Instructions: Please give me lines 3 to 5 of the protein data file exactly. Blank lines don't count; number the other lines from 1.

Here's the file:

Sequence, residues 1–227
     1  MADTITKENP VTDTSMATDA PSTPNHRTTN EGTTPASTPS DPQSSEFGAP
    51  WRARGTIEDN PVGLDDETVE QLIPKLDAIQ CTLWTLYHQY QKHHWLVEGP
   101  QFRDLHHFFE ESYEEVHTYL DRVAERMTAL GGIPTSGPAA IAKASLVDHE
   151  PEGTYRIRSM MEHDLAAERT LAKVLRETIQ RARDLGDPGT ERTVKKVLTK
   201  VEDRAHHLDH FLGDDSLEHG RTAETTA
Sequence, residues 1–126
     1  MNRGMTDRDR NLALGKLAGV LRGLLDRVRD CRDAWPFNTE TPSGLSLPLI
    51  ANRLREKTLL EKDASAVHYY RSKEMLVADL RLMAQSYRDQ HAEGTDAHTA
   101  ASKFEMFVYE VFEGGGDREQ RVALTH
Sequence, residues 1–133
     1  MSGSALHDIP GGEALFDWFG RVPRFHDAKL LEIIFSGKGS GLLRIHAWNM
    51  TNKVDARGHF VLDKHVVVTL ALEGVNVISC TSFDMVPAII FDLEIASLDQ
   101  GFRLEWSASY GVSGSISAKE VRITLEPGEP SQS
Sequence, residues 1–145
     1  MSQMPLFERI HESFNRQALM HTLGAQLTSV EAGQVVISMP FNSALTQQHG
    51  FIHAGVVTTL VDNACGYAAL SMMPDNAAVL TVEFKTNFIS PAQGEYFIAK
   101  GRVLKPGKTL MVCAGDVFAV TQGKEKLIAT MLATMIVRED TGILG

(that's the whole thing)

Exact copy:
    51  WRARGTIEDN PVGLDDETVE QLIPKLDAIQ CTLWTLYHQY QKHHWLVEGP
   101  QFRDLHHFFE ESYEEVHTYL DRVAERMTAL GGIPTSGPAA IAKASLVDHE
   151  PEGTYRIRSM MEHDLAAERT LAKVLRETIQ RARDLGDPGT ERTVKKVLTK